The extinction of species has occurred throughout the planet’s history, but because of human activity, the process has started to occur at a faster rate. Enter biotech startup Colossal, which aims to do the impossible and bring species back to life with de-extinction methods, including the flightless dodo bird.
When it first appeared, Colossal made a bold entrance with its headline-grabbing announcement of plans to tackle the seemingly impossible task of creating a woolly mammoth. Since then, the company has shifted its focus to a more feasible project involving the thylacine, a marsupial predator that went extinct in the early 1900s.
There is no real demand for any of this, at least not commercially. Despite that, Colossal is determined, adding the challenging project of bringing back the extinct dodo bird. It is the start of the company’s return to the realm of complicated reproductive biology and all the hurdles it entails.
Why the Dodo?
The dodo has become a symbol of preventable tragedy caused by human thoughtlessness, becoming extinct in the 17th century due to human hunting and the introduction of invasive species. That makes it a prime candidate for a de-extinction project since it will draw attention to the impact of human actions on the environment.
However, de-extinction goes beyond bringing the species back. It also involves revitalizing the ecosystem. The process will entail the following:
- Removing all invasive species
- Creating a habitat that supports other endemic flora and fauna
- Bringing back the dodo bird
“If [dodos] are to be able to reestablish thriving populations on Mauritius, it’s going to require removing many of the invasive species that were introduced there. And in that way, this project will help to reinvigorate and revive these ecosystems,” said Beth Shapiro, a biologist at the University of California, Santa Cruz, who is also involved in a separate project to de-extinct the passenger pigeon.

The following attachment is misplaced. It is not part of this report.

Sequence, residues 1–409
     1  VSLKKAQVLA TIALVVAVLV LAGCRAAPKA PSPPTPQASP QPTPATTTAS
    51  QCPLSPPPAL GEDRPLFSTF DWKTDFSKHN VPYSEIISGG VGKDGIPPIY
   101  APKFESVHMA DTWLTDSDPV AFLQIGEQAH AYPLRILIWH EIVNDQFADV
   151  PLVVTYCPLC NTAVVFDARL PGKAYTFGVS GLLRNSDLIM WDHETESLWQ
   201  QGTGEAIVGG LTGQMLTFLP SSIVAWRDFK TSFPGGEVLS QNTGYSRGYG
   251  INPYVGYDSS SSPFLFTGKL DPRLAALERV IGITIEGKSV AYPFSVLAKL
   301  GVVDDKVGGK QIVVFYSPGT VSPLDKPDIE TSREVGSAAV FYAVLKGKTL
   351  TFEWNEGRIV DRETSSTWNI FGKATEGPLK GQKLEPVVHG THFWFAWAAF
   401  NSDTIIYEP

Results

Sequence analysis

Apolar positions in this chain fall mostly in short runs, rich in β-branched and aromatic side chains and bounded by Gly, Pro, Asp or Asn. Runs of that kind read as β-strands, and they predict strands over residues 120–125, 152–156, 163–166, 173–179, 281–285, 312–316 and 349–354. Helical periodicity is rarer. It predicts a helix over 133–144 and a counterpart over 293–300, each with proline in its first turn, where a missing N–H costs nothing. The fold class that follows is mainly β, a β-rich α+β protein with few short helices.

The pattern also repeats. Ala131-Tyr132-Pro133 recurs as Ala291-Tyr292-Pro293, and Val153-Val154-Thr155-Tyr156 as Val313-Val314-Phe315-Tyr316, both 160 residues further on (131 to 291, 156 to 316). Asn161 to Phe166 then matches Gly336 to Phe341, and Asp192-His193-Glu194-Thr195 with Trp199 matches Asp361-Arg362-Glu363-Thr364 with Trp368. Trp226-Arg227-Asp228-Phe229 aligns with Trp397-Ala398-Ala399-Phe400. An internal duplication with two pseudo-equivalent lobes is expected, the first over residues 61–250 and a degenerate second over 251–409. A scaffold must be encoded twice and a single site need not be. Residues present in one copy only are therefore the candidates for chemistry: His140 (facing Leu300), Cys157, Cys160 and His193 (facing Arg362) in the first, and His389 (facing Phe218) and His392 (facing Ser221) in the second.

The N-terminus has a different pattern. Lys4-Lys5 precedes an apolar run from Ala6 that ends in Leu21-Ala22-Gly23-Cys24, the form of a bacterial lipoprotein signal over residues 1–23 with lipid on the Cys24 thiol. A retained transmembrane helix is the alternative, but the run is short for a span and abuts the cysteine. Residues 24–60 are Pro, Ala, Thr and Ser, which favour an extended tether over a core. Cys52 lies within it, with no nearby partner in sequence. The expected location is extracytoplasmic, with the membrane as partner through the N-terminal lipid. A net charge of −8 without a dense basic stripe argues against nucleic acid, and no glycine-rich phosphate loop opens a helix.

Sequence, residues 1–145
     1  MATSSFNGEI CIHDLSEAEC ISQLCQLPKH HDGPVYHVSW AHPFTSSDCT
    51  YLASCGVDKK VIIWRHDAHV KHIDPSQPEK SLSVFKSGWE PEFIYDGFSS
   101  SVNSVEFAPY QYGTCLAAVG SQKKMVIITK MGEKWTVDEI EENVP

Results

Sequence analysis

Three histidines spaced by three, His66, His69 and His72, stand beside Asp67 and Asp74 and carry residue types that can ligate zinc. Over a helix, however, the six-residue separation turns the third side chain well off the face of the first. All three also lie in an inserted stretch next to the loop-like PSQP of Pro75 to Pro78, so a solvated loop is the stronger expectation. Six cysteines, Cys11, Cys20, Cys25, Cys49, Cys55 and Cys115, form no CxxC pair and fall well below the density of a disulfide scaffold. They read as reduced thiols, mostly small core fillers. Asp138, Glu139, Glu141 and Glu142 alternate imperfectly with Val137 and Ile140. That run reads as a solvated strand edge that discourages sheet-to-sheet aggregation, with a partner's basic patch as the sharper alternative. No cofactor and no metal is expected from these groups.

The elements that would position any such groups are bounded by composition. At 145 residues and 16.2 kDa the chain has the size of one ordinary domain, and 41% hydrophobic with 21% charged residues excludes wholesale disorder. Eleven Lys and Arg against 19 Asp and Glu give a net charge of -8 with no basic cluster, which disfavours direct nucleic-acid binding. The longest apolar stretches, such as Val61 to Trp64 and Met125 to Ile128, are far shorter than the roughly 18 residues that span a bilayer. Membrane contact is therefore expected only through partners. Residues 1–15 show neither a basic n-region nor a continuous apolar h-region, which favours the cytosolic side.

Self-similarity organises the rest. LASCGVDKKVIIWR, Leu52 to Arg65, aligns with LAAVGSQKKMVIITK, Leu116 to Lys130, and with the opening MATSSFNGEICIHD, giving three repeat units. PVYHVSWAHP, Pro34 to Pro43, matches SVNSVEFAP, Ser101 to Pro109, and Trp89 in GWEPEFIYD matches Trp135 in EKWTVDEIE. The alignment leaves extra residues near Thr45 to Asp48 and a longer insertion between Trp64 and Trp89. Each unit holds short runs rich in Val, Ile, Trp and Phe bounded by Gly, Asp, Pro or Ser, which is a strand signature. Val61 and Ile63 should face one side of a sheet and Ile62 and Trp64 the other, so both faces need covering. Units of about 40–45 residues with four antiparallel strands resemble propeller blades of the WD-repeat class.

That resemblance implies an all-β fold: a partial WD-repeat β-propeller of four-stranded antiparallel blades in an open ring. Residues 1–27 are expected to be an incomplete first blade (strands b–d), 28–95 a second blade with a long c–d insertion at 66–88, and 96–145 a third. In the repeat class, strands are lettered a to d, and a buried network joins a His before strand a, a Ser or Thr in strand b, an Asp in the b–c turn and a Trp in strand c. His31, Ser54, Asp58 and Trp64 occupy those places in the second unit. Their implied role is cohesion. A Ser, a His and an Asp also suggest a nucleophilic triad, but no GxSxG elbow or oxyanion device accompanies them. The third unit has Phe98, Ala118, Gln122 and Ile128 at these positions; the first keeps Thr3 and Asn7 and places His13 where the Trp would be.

The de-extinction of the dodo presents a new challenge in the field of biology partly because it is a bird, which requires different techniques than those used in the cloning and gene editing of mammals.
The techniques used in birds, which have only been used in the domestic chicken, involve manipulating primordial germ cells (PGCs) that give rise to eggs and sperm. However, there are unknown challenges that will need to be dealt with, including:
- The feasibility of the techniques in species beyond chickens
- The compatibility of PGCs from one species to another
- Size mismatches between eggs and developing embryos
The success of the dodo de-extinction project may face obstacles before even trying to engineer dodo-like DNA sequences into its closest living relatives, the Nicobar pigeon.
Is De-Extinction Worth It?
The restoration of ecosystems is a major milestone, but it can also have significant importance when it comes to things like climate change. When Colossal set out to bring back the woolly mammoth, there was talk of the action restoring tundra, balancing greenhouse gases, and combating climate change.
The dodo bird has its own role in ecosystem restoration, a primary interest of Colossal. When speaking to Ars, Colossal’s Ben Lamm said, “We’re losing a lot of birds, which are really, really critical to ecosystems, and there’s just not enough money going into it.” He continued, “We could start working on the dodo while further developing some of these underdeveloped and underfunded technologies around bird conservation.”